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May the source be with you, but remember the KISS principle ;-)
Skepticism and critical thinking is not panacea, but can help to understand the world better
Nikolai Bezroukov. Portraits of Open Source Pioneers
For readers with high sensitivity to grammar errors access to this page is not recommended :-)
Appendix 1: Shell History by John Mashey
Appendix 2: An Introduction to the C shell by William Joy (revised for 4.3BSD by Mark Seiden)
Appendix 3: An Introduction to the UNIX Shell by S. R. Bourne.
The book Life with Unix by Don Libes and Sandy Ressler is a fascinating reading for anyone interested in Unix in general and scripting history in particular. It covers a lot of the history, interactions, etc. Much in the present section is summarized from this book. Some interesting info is in UNIX FAQ.
As most of the readers know, Unix history goes back to 1969 and the famous "little-used PDP-7 in a corner" on which Ken Thompson, Dennis Ritchie (the R in K&R), and others after being exiled from Multics started work on replicating Multics development environment, which later was to become Unix.
But what is less known and appreciated is the fact that Ken Thompson was also the author of the first UNIX shell and that concepts of this shell greatly influenced the subsequent work of John Mashey and Stephen Bourne. Influenced to the extent that John Mashey actually objected to calling his shell Mashey shell considering it to be a direct extension of Thompson shell.
The name "Unix" was intended as a pun on Multics (and was written "Unics" at first, for UNiplexed Information and Computing System). As Ch 9 of the Netizens Netbook ( On the Early History and Impact of Unix Tools to Build the Tools for a New Millenium) aptly stated:
When AT&T made the decision to pull out of the Multics collaboration, they took the research operating system off their GE 645 computer and put up the GECOS operating system. Though GECOS was adequate for applications, it was "nowhere near as satisfactory if you were trying to do things that were technically difficult and imperfectly defined," explained Vyssotsky, "which is the main task of research."(23)
For the pioneering work of Bell Labs research programmers like Ken Thompson and the research purposes of the Labs, an operating system more like what Multics had promised was needed. Along with the advantages of immediate feedback which time-sharing provided, the Bell Labs researchers wanted to continue the ability to work collaboratively which time-sharing had made possible.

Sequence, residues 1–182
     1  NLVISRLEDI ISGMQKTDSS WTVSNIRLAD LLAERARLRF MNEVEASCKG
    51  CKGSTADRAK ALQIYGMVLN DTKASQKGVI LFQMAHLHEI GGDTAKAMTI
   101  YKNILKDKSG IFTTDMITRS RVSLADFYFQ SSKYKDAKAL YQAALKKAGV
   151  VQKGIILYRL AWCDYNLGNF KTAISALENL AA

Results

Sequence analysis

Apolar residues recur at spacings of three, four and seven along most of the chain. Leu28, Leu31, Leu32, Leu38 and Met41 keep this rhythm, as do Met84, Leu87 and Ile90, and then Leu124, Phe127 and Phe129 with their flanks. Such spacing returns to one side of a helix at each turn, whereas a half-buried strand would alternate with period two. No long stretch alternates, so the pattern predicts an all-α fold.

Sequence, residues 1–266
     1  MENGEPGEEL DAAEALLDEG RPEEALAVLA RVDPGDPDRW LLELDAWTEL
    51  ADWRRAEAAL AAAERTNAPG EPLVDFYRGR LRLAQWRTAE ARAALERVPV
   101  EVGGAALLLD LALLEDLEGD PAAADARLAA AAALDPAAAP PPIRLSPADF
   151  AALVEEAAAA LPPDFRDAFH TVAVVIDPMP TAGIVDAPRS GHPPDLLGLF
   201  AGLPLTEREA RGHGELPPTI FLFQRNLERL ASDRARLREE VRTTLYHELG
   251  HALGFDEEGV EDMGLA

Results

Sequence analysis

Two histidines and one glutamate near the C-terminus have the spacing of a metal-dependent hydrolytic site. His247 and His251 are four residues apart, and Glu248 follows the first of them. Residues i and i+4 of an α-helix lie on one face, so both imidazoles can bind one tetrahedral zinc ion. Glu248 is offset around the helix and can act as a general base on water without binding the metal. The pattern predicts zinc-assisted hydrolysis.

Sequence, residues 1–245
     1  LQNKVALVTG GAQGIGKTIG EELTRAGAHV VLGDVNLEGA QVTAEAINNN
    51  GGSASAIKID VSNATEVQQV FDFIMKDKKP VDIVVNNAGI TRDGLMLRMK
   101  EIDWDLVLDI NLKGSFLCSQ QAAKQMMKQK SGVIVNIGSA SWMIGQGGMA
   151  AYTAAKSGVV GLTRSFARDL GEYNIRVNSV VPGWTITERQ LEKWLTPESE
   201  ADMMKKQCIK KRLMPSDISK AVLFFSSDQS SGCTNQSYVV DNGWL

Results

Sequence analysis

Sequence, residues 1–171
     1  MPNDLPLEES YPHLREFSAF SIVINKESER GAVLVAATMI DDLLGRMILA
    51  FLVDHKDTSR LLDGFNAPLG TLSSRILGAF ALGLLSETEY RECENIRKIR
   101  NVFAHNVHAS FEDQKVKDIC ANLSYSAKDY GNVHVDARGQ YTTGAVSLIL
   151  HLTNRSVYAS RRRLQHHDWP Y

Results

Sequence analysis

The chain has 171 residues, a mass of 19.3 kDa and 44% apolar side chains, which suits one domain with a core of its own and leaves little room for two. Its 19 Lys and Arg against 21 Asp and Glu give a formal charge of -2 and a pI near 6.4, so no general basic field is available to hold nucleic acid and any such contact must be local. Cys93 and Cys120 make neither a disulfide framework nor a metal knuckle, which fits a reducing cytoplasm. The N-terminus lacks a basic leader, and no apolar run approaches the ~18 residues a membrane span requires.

As Dennis Ritchie aptly stated:
"What we wanted to preserve, was not just a good programming environment in which to do programming, but a system around which a fellowship could form. We knew from experience that the essence of communal computing, as supplied by remote-access, time-shared machines, is not just to type programs into a terminal instead of a keypunch, but to encourage close communication."(24)
Ritchie describes how an informal group led by Thompson had begun investigating alternatives to Multics before the GE-645 Multics machine had been removed from the Labs.(25) Thompson and Ritchie presented Bell Labs with proposals to buy them a computer so they could build their own interactive, time-sharing operating system. Their proposals weren't acted on. Eventually, Thompson found a little used PDP-7 computer. As Vyssotsky noted, the orphaned PDP-7 computer was extremely small computer, a machine, "more in the class of a Commodore 64 than the class of a PC-AT."(26)
For the first 10 years, Unix development was essentially confined to Bell Labs and most scripting related work was also done in New Jersey. The initial versions of Unix were labeled "Version n" or "Nth Edition" (of the manuals) and some milestones in shell history are directly related to particular Unix releases.
The first major Unix implementation was for DEC's PDP-11 (16 bits) which was much better then PDP-7, bu still very tiny by today's hardware standards (typical configuration were limited to 128K memory, 2.4M disc, 64K per-process limit (inc the kernel)) that similar configurations on watches, not even cell phones ;-). The fact that they managed to created pretty powerful shells for such a computer is nothing but simply amazing and attests tremendous ingenuity of Unix development team.